Mo Si (舞獅)

Mo si, or lion dances, have been a part of Chinese culture for thousands of years.

According to the Chinese, lions ward off evil and bring good fortune, which is why you often see lion dances performed during Chinese New Year and other joyous occasions.

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Lion dances were previously used as a fun form of weight training in Kung Fu. The heads used to weight around 50 pounds, so it was quite a workout! Today the heads come in different sizes and weights, with the most commonly used being around 20lbs.

The lion dance performance is still based on traditional martial art stances and footwork. Thus, all dancers must have a strong background in Kung Fu before training as lion dance performers.

While it may look like they’re just dancing and jumping, they are actually performing a story and solving a puzzle. The puzzle is a testament to the quality of the Kung Fu school and the skill of the performers. Of course in doing so there are certain rules and routines that must be obeyed.

Payment to the performing group is usually made through a choi cheng (taking the ‘green’ or vegetable). So before the lion can “eat the vegetable” the puzzle must be solved, to symbolize destroying bad luck and overcoming all obstacles.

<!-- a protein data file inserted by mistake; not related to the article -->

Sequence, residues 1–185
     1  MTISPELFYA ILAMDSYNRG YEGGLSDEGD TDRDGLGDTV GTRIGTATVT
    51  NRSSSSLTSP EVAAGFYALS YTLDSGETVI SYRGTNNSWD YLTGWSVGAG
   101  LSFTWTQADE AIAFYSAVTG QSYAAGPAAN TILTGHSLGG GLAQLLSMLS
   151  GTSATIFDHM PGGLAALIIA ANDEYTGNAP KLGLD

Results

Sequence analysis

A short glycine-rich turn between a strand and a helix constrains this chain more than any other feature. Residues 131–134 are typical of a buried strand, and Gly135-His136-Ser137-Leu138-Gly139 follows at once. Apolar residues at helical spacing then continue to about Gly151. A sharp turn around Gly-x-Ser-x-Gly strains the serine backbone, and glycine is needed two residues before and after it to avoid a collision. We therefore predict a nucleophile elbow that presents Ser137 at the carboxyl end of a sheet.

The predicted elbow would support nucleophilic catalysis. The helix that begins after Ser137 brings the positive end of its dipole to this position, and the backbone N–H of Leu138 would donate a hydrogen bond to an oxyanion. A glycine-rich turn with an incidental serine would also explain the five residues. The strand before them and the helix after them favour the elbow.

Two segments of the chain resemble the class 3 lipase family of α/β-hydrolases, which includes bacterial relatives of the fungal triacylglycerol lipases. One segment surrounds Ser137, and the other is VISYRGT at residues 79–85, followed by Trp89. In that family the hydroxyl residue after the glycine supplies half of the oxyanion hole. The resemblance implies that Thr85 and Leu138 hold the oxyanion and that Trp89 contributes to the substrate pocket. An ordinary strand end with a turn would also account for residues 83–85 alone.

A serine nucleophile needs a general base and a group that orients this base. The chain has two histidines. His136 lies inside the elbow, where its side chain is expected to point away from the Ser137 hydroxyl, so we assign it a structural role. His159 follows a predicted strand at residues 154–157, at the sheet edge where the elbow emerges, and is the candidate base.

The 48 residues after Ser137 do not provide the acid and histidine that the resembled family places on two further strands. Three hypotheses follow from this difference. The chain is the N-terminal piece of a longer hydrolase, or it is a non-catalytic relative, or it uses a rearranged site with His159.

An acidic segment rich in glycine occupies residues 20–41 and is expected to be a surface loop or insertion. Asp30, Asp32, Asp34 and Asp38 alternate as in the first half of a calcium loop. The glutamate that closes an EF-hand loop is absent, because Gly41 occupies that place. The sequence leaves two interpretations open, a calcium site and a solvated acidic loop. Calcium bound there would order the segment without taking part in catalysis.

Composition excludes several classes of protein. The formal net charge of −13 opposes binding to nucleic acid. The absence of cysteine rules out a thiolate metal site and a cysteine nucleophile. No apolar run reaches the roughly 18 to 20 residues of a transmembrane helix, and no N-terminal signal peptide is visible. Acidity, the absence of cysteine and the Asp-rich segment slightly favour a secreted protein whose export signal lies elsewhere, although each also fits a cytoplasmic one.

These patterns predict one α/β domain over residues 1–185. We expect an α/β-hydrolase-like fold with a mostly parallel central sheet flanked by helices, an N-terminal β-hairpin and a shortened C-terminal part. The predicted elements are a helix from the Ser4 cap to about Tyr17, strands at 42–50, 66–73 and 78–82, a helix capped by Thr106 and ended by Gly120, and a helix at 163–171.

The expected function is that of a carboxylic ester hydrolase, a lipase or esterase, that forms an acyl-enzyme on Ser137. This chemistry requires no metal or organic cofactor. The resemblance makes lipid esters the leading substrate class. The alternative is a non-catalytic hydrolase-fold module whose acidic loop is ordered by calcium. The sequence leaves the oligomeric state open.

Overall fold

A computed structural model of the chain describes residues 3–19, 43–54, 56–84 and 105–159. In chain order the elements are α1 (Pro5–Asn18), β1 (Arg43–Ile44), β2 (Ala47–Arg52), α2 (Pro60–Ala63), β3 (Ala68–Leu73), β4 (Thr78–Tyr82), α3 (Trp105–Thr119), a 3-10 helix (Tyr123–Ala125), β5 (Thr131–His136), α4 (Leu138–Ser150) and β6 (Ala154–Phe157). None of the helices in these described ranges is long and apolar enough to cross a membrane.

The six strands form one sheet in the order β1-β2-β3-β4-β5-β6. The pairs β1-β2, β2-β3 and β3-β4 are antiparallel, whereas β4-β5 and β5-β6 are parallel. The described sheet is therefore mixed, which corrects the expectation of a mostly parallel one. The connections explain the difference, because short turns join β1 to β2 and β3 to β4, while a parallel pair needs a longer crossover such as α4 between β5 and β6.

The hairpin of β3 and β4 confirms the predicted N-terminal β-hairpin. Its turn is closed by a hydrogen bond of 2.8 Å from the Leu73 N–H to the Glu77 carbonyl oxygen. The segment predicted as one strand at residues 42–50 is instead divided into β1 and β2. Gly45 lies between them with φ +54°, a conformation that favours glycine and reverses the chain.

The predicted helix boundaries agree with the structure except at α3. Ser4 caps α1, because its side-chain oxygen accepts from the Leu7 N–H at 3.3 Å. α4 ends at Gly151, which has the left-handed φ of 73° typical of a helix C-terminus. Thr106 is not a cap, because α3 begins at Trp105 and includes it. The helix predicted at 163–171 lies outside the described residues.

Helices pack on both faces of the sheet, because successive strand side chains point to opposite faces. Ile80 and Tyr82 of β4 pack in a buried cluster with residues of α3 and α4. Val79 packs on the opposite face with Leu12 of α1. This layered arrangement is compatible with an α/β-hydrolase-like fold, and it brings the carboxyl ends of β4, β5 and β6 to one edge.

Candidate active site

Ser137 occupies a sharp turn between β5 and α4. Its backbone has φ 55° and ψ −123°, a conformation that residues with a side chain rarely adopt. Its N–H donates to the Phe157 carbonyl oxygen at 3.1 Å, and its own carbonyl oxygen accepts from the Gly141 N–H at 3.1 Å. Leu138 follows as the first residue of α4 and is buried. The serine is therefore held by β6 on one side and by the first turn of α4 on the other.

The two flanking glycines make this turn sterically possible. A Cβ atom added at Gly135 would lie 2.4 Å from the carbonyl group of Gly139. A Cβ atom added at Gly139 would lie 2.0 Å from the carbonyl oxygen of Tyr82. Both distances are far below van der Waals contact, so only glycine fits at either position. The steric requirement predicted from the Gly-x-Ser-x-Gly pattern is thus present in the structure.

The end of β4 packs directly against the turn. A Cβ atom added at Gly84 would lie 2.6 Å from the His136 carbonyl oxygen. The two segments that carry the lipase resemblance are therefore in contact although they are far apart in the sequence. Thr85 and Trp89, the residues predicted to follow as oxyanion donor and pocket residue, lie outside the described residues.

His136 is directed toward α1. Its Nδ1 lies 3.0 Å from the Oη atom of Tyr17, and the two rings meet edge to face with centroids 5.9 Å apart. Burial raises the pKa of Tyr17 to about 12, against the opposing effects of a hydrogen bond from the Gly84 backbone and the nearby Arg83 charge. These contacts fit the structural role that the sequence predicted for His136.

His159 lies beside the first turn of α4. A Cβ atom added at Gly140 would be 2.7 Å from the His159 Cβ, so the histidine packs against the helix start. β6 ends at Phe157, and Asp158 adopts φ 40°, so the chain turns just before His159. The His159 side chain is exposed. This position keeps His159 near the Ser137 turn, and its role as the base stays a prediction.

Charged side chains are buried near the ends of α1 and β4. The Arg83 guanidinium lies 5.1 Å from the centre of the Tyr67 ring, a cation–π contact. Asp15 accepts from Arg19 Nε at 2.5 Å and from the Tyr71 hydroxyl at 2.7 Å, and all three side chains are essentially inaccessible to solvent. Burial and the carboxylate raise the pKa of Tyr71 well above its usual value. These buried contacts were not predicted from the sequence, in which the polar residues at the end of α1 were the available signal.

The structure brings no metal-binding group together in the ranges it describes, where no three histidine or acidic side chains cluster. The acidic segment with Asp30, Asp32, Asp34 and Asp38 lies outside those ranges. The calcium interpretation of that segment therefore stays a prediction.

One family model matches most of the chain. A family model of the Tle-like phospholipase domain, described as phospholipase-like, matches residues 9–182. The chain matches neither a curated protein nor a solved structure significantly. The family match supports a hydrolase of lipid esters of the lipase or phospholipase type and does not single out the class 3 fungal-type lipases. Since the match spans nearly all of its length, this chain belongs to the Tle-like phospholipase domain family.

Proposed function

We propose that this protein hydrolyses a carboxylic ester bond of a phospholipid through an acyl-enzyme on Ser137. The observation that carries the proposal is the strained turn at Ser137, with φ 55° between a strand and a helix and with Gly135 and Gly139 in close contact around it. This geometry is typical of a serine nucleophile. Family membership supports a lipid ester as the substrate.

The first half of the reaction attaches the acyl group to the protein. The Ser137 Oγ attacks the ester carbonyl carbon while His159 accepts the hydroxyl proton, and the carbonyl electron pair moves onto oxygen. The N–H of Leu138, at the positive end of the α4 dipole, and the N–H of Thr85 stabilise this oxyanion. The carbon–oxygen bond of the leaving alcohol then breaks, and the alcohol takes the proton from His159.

The payment is usually inside a lai see that is attached or inside the vegetable (usually a head of lettuce). The lion will approach the vegetable with curiosity, consume the lettuce, and then spit out the leaves, without spitting out the money. Those who are hit by the leaves being spit out are supposed to receive extra luck!

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For parties or other performances (such as what we witnessed), instead of performing a choy cheng, the vegetable is often replaced by a scroll, with calligraphy wishing good luck and happiness, that is unrolled during the performance. The lai see are then fed to the lions!

恭賀新禧! May you be happy and prosperous!

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Have you heard of any of these traditions before?